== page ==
Swatting

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Swatting is the act of tricking an emergency service (via such means as hoaxing an emergency services dispatcher) into dispatching an emergency response based on the false report of an ongoing critical incident. The term derives from SWAT (Special Weapons and Tactics), a highly specialized type of police unit in the United States carrying equipment such as door breaching equipment and powerful firearms.

Swatting has been associated with online harassment campaigns, and episodes range from large to small — from the deployment of bomb squads, SWAT units and other police units and the concurrent evacuations of schools and businesses, to a single fabricated police report meant to discredit an individual as a prank or personal vendetta.[1]

The action of swatting-linked to the action of doxxing (obtaining the address and details of an individual)-has been described as terrorism due to its potential to cause disruption, waste the time of emergency services, divert attention from real emergencies and possibly cause injuries to persons targeted.[2][3] The act of making false reports to emergency services is punishable by prison sentences in the U.S. and a crime in many other countries.[4]

History and current status[edit]

Swatting has its origins in prank calls to emergency services. Increasing sophistication of the techniques employed and the objectives, notably attempts to direct response units of particular types, and in particular attempts to cause SWAT teams to be dispatched to particular locations, spawned the term 'swatting'. The term was used by the FBI as far back as 2008.[5]

In 2009, phreaker Matthew Weigman pleaded guilty to charges of conspiracy including "involvement in a swatting conspiracy" and attempting to retaliate against a witness.[6] He was sentenced to 11 years in federal prison.[7]

In 2013, a number of U.S. celebrities became the victims of swatting pranks, including Sean Combs.[8] In the past, there have been swatting incidents at the homes of Ashton Kutcher, Tom Cruise, Chris Brown, Miley Cyrus, Linkin Park, Creed, Metallica, Nirvana, Maroon 5, Taylor Swift, Iggy Azalea, Jason Derulo, Snoop Dogg, Justin Bieber and Clint Eastwood.[9] A law in the state of California will make it possible for authorities to require pranksters to bear the "full cost" of the response which can range up to $10,000;[9] the author of the bill, state senator Ted Lieu, was himself a swatting victim in April 2011.[10]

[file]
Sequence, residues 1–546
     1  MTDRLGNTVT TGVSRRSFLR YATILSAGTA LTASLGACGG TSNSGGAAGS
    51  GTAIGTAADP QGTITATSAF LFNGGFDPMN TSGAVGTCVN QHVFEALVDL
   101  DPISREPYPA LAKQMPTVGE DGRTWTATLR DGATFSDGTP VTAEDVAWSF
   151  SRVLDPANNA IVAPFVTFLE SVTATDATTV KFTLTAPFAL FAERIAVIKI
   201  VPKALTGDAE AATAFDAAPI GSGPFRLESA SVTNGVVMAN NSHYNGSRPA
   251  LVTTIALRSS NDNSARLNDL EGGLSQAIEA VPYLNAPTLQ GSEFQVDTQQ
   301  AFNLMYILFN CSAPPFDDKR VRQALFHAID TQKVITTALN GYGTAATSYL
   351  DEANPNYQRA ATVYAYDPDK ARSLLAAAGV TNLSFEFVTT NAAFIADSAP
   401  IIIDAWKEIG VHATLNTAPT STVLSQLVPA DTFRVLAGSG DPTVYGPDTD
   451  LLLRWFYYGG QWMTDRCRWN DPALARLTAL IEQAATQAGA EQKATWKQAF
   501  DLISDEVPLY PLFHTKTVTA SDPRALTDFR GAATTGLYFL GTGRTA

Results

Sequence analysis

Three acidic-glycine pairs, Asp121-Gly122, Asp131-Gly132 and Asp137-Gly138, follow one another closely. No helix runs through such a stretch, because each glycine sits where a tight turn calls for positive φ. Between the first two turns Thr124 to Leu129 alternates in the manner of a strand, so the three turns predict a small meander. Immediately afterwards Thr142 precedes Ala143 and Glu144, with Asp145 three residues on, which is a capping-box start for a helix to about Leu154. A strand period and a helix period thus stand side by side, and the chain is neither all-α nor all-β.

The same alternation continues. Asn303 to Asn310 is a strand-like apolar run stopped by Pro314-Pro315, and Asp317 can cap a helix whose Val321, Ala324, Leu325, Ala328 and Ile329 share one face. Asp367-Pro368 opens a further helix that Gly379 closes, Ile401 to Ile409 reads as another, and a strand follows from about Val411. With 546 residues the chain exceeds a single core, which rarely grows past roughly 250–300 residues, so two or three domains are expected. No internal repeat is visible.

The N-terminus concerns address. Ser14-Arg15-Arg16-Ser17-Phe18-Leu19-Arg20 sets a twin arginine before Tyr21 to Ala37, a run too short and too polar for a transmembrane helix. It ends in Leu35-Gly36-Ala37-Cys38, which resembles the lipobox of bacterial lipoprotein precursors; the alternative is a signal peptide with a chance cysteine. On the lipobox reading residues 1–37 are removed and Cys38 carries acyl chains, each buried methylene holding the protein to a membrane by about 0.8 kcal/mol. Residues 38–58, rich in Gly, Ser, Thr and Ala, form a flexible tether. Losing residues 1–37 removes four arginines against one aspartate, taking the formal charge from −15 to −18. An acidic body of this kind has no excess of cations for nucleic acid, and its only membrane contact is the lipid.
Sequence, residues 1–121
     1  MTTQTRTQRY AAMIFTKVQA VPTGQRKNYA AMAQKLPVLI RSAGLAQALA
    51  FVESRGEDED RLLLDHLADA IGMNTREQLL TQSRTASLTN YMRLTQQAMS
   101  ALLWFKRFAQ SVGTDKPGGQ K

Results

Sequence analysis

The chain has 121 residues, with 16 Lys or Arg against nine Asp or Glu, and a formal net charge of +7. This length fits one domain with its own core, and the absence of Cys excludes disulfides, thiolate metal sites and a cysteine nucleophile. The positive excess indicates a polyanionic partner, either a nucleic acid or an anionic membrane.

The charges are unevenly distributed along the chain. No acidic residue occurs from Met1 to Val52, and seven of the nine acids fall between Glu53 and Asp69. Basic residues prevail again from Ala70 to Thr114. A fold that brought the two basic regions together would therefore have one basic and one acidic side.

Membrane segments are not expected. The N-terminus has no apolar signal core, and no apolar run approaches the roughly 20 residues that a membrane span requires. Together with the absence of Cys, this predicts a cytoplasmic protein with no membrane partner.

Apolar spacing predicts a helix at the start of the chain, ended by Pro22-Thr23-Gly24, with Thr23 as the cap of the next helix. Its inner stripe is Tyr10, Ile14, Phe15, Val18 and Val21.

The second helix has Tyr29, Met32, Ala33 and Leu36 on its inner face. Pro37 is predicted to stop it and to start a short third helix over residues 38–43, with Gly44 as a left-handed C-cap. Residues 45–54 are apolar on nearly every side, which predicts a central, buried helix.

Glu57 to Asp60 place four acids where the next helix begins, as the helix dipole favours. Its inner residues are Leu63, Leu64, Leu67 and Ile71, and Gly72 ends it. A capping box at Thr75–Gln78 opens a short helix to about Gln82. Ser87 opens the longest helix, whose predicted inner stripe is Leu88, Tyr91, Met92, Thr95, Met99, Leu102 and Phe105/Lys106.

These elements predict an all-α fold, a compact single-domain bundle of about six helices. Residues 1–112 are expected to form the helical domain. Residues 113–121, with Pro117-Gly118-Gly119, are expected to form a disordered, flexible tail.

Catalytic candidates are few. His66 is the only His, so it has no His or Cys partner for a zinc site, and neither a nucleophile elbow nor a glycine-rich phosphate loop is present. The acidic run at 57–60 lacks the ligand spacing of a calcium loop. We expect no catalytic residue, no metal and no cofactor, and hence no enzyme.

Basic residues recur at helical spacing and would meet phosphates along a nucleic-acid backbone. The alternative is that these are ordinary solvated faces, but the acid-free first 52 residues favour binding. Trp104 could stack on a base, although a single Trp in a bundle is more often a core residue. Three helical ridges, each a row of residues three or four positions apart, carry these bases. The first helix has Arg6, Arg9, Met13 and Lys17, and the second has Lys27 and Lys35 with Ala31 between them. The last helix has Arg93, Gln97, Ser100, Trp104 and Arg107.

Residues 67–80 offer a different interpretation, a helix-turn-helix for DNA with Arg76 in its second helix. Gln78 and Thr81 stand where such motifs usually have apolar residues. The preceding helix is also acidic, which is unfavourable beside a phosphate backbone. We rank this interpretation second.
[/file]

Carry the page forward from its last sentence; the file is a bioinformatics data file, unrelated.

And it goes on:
In May 2014, a 16-year-old in Ottawa, Ontario, Canada, was arrested for having made thirty fraudulent emergency calls across North America,[11] leading to sixty charges "including uttering death threats, conveying false information with intent to alarm, public mischief and mischief to property."[12][13]

On 27 August 2014, YouTube user Jordan Mathewson, known online as Kootra, live streamed a game of Counter-Strike: Global Offensive on Twitch. A viewer called 911 claiming that there was a shooting in the building with hostages. A SWAT team raided the office that Mathewson's gaming company, The Creatures LLC, was operating out of. Mathewson was thrown to the ground and searched as officers searched the room. The events were broadcast live on the internet, until law enforcement set the camera lens-down on Mathewson's desk.[14] Videos of the swatting went viral, gaining over four million views on YouTube and being reported on news programs all over the world.

On 11 September 2014, Bukkit programmer Wesley "Wolvereness" Wolfe was the victim of a swatting incident. An unidentified Skype caller told police that Wolfe had shot his parents and was on a killing spree. Wolfe believed he was targeted in retaliation to his issuing of a DMCA takedown of CraftBukkit from the Bukkit repository.[15][16]

On 6 November 2014, the home of an unnamed executive with Bungie, a developer of the Halo franchise and the recently released Destiny, was raided by local police after a call, purported to be from someone inside the house, said that there was a hostage situation at the residence.[17] The caller had demanded a ransom of $20,000 and claimed they had planted explosives in the yard.[17] After 45 minutes, police determined the call originated from a computer and not from the residence; they further stated that the perpetrator of the hoax could face a fine and one year in jail if apprehended.[17]

On 3 January 2015, twenty Portland police officers were sent to the former home of Grace Lynn. She stated this was the culmination of four months of online harassment from GamerGate supporters after she withdrew her support for the movement,[18][19] though the perpetrators of the hoax were never identified. Lynn said that she was alerted to the incident because she had proactively checked for on-line harassment daily, and she had defused the situation by contacting police.[20]